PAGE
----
On Tsahkaljärvi Science Trail you get the possibility to visit a Stone Age site, an ancient Sámi site and a Sámi camp site used during the 1960s-70s. You will also learn about the insects which are born in the small ponds located along the trail and how the changing climate is modifying the population of fish in the lakes.
Below you will see a glimpse of the content of the Tsahkaljärvi Science Trail. You can find more content in the Science Trail App.
You will most likely see reindeer wandering around while you are out on the hiking trails. This is because Kilpisjärvi and the Käsivarsi area are in a special reindeer husbandry area, where reindeer are allowed to move and graze freely, and because Enontekiö is home to around 20 000 reindeer.
People have lived in the Kilpisjärvi area for thousands of years. Even prehistoric inhabitants found the mouth of River Tsahkaljoki a pleasant place to stay. Signs of prehistoric activities, in the form of lithic flakes — waste products from making stone tools — have been found around the lean-to shelter and cabins. The stone tools date to the Stone Age and Early Metal Period and can be anywhere between 10 000 and about 1500 years old.
Lapland is warming rapidly, and precipitation has increased in recent decades. Longer and warmer summers favour species range expansions, and especially spring-spawning species, such as the ruffe, perch, and roach, have recently colonized new lakes near Lake Kilpisjärvi. Warming and eutrophication (when the environment, in this case the lake, becomes enriched in nutrients) have been studied most widely in a region stretching from Kilpisjärvi to the Arctic Circle, with research data from 19 lakes.
The next time you peer into a pond or lake and see movement in the water, some of it may be caused by swimming aquatic insects. Emergent aquatic insects begin their life cycle as eggs that have been laid on or near water, waiting to hatch in good growing conditions, usually in spring. Once they hatch, they have a swimming life stage (called “larvae”) and will feed and grow in rivers, wetlands, ponds, or lakes.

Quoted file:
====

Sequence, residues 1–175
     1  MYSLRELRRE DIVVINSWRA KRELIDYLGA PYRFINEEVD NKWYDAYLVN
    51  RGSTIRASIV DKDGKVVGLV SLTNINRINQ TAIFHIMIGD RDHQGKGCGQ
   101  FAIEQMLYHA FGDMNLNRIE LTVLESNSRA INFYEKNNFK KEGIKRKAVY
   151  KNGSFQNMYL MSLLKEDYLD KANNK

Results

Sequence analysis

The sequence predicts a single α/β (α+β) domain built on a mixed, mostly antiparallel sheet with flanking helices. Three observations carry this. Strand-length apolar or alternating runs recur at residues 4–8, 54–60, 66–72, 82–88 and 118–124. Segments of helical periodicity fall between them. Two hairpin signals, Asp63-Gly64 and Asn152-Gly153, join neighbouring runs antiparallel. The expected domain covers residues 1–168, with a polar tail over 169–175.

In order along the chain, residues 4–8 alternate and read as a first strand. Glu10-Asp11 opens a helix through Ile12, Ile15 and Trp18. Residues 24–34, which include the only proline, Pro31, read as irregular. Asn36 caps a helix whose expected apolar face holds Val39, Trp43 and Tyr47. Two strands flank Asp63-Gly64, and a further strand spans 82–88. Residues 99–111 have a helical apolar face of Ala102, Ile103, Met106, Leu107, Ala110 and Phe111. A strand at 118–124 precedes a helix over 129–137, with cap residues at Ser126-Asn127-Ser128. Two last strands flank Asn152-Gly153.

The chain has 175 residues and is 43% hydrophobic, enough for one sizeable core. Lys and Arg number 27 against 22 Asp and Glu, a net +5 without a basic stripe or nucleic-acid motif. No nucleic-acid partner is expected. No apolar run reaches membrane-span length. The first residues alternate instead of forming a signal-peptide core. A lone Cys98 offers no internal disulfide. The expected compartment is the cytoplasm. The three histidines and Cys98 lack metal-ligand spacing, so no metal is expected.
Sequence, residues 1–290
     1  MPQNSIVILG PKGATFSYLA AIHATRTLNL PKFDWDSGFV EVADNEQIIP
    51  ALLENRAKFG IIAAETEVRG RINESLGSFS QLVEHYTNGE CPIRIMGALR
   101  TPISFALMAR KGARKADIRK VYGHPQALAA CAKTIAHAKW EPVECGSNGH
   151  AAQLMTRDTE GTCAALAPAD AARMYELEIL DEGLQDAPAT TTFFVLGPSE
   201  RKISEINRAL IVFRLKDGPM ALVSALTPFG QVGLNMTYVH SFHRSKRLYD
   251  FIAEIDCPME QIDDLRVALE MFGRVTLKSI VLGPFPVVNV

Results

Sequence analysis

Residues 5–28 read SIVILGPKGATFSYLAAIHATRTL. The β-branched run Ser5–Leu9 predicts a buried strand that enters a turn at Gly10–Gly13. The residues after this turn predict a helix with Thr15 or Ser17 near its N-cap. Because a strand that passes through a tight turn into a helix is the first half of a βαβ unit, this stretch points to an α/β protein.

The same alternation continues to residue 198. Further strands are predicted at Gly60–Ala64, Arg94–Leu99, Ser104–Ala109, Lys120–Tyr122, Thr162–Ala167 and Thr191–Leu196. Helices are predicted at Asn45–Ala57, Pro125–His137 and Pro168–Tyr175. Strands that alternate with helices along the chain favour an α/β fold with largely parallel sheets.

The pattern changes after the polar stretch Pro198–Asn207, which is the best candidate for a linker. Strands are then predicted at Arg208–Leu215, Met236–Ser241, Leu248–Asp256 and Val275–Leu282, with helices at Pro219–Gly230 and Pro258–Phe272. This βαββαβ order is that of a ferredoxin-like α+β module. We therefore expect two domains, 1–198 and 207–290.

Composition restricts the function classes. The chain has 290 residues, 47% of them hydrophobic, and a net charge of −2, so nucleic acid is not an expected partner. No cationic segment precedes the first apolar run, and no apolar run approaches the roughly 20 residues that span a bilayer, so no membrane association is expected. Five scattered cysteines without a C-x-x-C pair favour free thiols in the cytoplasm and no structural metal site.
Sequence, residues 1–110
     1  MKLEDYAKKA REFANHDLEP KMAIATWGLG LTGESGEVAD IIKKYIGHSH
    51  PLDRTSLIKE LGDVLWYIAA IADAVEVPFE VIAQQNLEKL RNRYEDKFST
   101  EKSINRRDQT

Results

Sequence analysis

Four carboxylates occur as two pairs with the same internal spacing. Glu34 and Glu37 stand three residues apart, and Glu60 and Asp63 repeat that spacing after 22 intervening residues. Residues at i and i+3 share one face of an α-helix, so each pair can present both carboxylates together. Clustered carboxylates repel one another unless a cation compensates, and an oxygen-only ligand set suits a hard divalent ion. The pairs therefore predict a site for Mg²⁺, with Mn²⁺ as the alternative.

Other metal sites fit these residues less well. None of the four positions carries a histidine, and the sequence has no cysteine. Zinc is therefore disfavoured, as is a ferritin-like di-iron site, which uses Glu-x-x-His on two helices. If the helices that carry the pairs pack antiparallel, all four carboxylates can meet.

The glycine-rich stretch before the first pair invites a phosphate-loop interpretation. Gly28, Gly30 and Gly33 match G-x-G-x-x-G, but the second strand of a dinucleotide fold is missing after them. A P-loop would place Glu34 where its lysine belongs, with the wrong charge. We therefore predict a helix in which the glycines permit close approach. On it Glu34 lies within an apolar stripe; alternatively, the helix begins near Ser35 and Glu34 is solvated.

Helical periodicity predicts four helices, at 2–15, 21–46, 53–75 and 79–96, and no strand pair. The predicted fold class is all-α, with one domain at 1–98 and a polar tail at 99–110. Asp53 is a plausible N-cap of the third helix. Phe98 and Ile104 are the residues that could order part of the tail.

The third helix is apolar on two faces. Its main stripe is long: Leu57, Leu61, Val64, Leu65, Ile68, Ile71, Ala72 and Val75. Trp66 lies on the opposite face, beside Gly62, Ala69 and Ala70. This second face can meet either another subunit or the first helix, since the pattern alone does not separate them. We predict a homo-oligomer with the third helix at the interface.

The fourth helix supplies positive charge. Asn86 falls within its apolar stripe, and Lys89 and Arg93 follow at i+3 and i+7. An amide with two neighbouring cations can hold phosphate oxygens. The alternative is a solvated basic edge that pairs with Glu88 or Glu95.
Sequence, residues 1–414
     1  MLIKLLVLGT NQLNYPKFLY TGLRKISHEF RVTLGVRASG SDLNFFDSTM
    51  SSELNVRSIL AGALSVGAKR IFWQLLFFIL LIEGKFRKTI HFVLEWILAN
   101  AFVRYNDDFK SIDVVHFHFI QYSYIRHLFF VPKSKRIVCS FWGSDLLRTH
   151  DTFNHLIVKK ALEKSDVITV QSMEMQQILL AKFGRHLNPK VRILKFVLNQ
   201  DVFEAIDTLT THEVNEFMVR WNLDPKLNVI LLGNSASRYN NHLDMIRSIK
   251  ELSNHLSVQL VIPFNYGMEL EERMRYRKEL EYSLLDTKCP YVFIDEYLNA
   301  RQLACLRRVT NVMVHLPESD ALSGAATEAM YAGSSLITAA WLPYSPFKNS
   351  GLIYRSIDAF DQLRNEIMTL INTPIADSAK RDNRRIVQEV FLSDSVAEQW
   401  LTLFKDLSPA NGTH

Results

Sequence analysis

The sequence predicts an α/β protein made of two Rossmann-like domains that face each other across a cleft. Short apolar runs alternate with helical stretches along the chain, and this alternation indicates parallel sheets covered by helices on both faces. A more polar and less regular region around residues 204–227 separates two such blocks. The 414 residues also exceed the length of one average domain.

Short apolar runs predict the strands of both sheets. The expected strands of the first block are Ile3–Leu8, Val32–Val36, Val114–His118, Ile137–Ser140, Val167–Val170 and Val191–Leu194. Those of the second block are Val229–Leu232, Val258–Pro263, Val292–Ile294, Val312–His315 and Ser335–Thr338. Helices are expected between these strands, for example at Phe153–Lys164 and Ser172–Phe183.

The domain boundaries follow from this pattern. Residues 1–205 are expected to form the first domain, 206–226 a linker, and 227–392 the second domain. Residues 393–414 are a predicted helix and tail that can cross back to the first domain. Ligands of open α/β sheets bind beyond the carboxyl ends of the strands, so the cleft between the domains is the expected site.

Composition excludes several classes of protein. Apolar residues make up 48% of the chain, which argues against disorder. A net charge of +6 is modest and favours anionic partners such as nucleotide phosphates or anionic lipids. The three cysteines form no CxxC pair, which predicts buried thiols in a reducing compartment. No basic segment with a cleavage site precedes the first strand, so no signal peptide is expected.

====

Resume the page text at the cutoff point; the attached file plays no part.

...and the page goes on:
Lake Tsahkaljärvi gárdi - a recent past Sámi reindeer fencing area
Looking around you, you can notice a round, meadow-like patch of vegetation that stands out as it is not covered by mountain birches which otherwise surround the area. This round area served in the 1960s-1970s as a reindeer calf ear-marking place of the Sámi pastoralists belonging to the local Gova and Labba siidas, reindeer herding communities based on family, livelihood, and territory. Reindeer were corralled and separated within a lightly built twig fence (North Sámi: gárdi) that was used recurrently over the years for the seasonal ear-marking of the animals.
The eastern end of Lake Tsahkaljärvi (in Sámi: Čáhkáljávri) has been occupied and used by people for millennia. The earliest traces of human activity are lithic flakes found along the shore and dating to Stone Age times. The next traces of human activity date to about 1000 years ago, when early Sámi reindeer herders settled at the river mouth. Sámi pastoralists continued to use this area for seasonal habitation along their annual migrations until the early 20th century.